By Mark Schauer
Escorted by YPG Commander Col. Ross Poppenberger, Secretary of the Army Dr. Mark Esper visited the proving ground on November 29, seeing a variety of YPG assets that support six of the Army Futures Command’s Cross Functional Teams building the Army’s future force.
His visit was particularly focused on observing a test fire that was part of the Extended Range Cannon Artillery (ERCA) program, which support’s the Army’s top modernization priority: long-range precision artillery fires.
“I had a great visit to Yuma,” said Esper. “It was a wonderful opportunity for me to see an installation that is central to our modernization efforts. We talked a good deal about all the test equipment and expertise that is found in Yuma that is critical to our Cross Functional Teams.”
The Army aspires to field systems capable of accurately firing at targets 100 kilometers away in the next four years, a dramatic increase over the 30 kilometers a currently-fielded 155mm howitzer shell is capable of when fired at top zone with rocket assistance. YPG testing has already achieved significantly increased distances in test fires conducted at both the proving ground and the nearby Barry M. Goldwater Range.
“The more lethality you can put on a target at great distances, the more overmatch you have,” said Esper.
YPG supports six of the Army Futures Command’s Cross Functional Teams building the Army’s future force, which seeks to retain overmatch with near-peer adversaries in a high intensity conflict while maintaining the competency in waging irregular warfare that has been achieved since the 9/11 attacks. Heavily interested in supporting multi-domain operations in support of other service branches, Esper described the effort as part of the “Army Renaissance” that is currently in progress.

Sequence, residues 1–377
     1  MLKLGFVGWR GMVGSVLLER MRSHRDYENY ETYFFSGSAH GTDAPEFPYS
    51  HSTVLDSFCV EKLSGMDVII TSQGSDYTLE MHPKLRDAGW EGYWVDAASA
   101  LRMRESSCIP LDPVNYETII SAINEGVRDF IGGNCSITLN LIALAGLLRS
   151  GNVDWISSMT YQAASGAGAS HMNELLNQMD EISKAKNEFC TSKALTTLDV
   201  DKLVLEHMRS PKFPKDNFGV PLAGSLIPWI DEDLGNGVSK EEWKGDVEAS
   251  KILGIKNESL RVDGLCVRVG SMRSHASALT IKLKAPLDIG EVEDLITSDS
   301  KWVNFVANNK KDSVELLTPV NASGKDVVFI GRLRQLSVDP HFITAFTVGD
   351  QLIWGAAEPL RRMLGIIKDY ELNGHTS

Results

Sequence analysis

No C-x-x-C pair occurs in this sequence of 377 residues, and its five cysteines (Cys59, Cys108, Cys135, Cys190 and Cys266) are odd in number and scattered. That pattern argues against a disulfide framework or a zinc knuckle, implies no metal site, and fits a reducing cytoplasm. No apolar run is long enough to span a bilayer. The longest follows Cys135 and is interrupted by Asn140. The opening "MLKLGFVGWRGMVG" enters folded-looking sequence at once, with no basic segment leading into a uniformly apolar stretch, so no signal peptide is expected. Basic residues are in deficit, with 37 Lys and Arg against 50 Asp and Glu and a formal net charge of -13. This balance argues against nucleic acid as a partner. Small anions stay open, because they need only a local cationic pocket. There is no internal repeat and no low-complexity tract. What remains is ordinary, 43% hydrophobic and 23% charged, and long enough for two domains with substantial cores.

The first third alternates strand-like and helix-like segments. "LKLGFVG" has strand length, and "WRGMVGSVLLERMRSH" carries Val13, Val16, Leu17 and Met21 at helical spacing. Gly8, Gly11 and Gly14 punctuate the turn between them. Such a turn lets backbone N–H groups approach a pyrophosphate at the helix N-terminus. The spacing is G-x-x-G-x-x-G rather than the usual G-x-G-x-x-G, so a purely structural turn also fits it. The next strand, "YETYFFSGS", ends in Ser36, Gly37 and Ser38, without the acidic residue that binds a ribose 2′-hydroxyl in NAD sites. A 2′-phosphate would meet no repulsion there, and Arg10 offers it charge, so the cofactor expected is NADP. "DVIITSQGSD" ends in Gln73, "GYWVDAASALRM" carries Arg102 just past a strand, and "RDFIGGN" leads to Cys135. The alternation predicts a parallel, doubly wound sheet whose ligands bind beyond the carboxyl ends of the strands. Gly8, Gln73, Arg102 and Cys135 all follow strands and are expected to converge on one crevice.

“Yuma is essential to that because we will need to test all of that equipment and make sure that it meets the needs of our Warfighters and ensure we are successful on the future battlefield,” Esper said.
Esper also stressed that YPG’s role as independent arbiters of new materiel’s performance ensures that the Army gets value for its money.
“Yuma is also providing an important role in terms of being good stewards of the taxpayer’s dollars,” said Esper. “We invest a lot of money into modernizing our force and want to be sure we get what we pay for.”
Esper’s message for the YPG workforce and Yuma community is that YPG is vitally importance to the country.
“The work that is happening here at Yuma by our military and a large cadre of civilians is critical to our nation’s security,” Esper said. “It is important because we want to make sure we deploy weapons that work as we expect them to, that deliver to the Soldiers what they need and when they need it.”